Grave Thoughts

It being a lovely day in Copenhagen yesterday I decided to go for a long walk. My destination was the famous Assistens Kirkegård which is in the Nørrebro district of the city. You might think that was a rather morbid choice of place to go for a stroll in the sunshine, but actually it’s not that way at all. It’s actually a rather beautiful place, a very large green space criss-crossed by tree-lined paths. We British have a much more reserved attitude to cemeteries than the Danes seem to have, at least judging by yesterday; joggers and cyclists pass through Assistens Cemetery at regular intervals, and many people were having picnics or just sunbathing between the gravestones.  And of course there were many tourists wandering around, myself included. I found this matter-of-fact attitude to the dead rather refreshing, actually.

Incidentally, I was also surprised to see a number of Jewish burials among the Christian ones. I don’t know if this happens in British graveyards.

Part of the attraction of Assistens Kirkegård – the name derives from the fact that it was originally an auxiliary burial place, outside the main city, designed to take some of the pressure off the smaller cemeteries in the inner areas – is the large number of famous people buried there.  The cemetery is extremely large (about 25 hectares), and the maps don’t show the locations of all the famous people laid to rest there, but I did find quite a few.

Here for example is the memorial to one of the most famous Danes of all, Hans Christian Andersen

Going by the number of signposts pointing to it, this must be one of the most popular sites for visitors to the cemetery, along with the grave of the philosopher Søren Kierkegaard. One can also quite easily locate the memorial which marks the last resting place of Niels Bohr and various other members of his family:

But it’s not only Danes that are buried here. There’s a corner of one plot occupied by a number of famous American Jazz musicians, including pianist Kenny Drew and, most famously of all, tenor saxophonist Ben Webster whose gravestone is rather small, but clearly very well tended, no doubt by a Danish jazz lover:

Unfortunately, I was unable to locate one of the graves I wanted to find, that of the great Heldentenor Lauritz Melchior. I was surprised to find his name was absent from the main index. I know he was cremated and his ashes buried there, and I even found a picture of his memorial on the net, but the cemetery is so large that without further clues I couldn’t find it. I’ll have to go back on a subsequent visit after doing a bit more research.

It’s very interesting that some of the smaller graves are extremely well-tended whereas many of the more opulent memorials are in a state of disrepair. My ambition is to be forgotten as quickly as possible after my death so the idea of anyone erecting some grandiose marble monument on my behalf fills me with horror, but I have to say I do find graveyards are strangely comforting places. Rich and poor, clever and stupid, ugly and beautiful; death comes to us all in the end. At least it’s very democratic.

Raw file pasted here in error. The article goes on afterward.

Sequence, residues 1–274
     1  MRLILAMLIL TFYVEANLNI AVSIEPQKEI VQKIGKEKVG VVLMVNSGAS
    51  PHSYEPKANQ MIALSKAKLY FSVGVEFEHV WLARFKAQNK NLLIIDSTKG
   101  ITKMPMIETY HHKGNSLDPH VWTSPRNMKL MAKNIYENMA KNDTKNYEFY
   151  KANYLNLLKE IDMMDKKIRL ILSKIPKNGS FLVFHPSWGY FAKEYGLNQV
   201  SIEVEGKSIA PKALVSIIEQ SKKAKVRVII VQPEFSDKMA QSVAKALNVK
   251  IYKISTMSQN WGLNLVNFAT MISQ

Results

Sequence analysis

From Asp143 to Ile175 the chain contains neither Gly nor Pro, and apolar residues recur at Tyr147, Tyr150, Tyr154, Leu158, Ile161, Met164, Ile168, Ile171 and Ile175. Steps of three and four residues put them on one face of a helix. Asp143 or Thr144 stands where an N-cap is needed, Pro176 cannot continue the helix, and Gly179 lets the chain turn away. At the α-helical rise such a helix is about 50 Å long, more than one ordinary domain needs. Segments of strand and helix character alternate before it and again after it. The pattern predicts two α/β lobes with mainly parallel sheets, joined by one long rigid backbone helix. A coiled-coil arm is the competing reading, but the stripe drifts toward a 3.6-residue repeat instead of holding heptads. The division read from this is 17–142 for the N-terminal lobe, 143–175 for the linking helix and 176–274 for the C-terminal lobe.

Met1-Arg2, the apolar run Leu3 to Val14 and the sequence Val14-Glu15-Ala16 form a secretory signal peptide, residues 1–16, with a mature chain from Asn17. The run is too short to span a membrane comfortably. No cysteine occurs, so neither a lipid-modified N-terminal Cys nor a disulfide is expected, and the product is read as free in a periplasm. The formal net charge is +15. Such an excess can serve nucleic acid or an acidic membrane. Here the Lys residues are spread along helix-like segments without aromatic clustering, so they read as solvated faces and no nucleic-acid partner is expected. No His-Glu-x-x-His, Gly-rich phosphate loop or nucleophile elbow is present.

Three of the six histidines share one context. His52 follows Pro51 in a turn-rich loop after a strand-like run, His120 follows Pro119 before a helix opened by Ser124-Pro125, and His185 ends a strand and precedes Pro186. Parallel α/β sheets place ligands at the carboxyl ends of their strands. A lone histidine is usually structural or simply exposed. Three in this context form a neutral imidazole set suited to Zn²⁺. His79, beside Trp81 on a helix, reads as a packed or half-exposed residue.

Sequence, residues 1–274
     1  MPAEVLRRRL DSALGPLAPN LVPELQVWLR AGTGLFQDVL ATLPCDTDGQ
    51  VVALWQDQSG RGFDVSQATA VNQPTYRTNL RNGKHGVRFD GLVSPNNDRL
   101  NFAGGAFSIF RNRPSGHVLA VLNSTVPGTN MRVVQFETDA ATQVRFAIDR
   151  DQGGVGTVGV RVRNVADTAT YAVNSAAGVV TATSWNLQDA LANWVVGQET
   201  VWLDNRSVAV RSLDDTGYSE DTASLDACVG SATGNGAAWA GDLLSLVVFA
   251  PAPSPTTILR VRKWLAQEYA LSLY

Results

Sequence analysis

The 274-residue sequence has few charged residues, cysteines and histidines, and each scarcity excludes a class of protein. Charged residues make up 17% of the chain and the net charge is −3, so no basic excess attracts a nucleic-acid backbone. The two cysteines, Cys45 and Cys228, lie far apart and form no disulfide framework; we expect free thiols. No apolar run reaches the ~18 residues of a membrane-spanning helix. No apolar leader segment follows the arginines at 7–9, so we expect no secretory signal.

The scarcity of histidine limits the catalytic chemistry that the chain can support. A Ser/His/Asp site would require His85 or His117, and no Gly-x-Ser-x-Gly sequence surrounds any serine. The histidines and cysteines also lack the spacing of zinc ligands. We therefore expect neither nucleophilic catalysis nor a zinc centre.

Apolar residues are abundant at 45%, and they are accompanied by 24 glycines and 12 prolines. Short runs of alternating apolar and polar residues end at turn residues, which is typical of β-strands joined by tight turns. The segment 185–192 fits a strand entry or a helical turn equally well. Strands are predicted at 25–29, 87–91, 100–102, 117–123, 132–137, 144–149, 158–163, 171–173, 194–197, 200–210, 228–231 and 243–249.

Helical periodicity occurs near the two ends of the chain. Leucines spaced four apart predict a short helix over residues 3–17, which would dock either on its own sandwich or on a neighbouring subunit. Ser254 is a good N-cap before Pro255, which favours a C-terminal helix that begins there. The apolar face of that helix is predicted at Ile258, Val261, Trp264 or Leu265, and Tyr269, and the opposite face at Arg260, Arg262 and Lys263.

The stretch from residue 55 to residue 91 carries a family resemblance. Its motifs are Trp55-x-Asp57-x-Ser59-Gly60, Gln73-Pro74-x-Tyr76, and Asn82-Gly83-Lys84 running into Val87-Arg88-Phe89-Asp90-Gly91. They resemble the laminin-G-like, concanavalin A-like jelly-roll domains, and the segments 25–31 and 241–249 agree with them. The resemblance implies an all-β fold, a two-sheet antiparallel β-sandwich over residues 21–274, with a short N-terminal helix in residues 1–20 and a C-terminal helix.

And after about three hours strolling around in the cool shade of the trees in Assistens Kirkegård the thought did cross my mind there still seems to be plenty of room…

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5 Responses to “Grave Thoughts”

  1. Assistens Kirkegård is special in that the city wants it to be used as a recreational, i.e. park-like, space, as well as cemetery. Lauritz Melchior is probably not that well known, which might explain why he isn’t listed on the maps of famous people, but this page indicates he is buried in “Afdeling F” (near the metro construction): http://www.assistens.dk/side5.htm

    • telescoper Says:

      Ah right. In fact I didn’t go to that part at all. Most of the ones I was looking for were around Q and R and thereabouts.

      I should have checked before going, of course, but my landlady (whose son, coincidentally, is a tenor) told me his name was on the map so I thought I’d find it easily.

  2. Cemeteries are friendly, interesting places, I find myself having conversations with those interred and wondering about their lives. Many friends do likewise. In NZ Jewish burials were in ordinary cemeteries in 1800s . Nice that Hans Christian Anderson is there alongside existentialist philosophers, a nice mix!

  3. Steve Warren Says:

    When you go back perhaps you could pass on some kind words to poor Regine Olsen (married name Schlegel) whom Kirkegaard so cruelly abandoned, who apparently also is buried there somewhere.

  4. Cathays cemetery is interesting and popular although people there are mainly just wandering around rather than having picnics and most of the sunbathers appear to be maintenance staff on their tea or lunch breaks. You can also find people sleeping there during the day. One guy looked to be very dead although when I checked he wasn’t. He wasn’t very coherent but I think he was waiting for the local homeless shelter to open. Anyway, he didn’t seem too put out to be woken.

    When my daughter was very little she thought that when people were old enough they made their own way to the cemetery to die. Like elephants.

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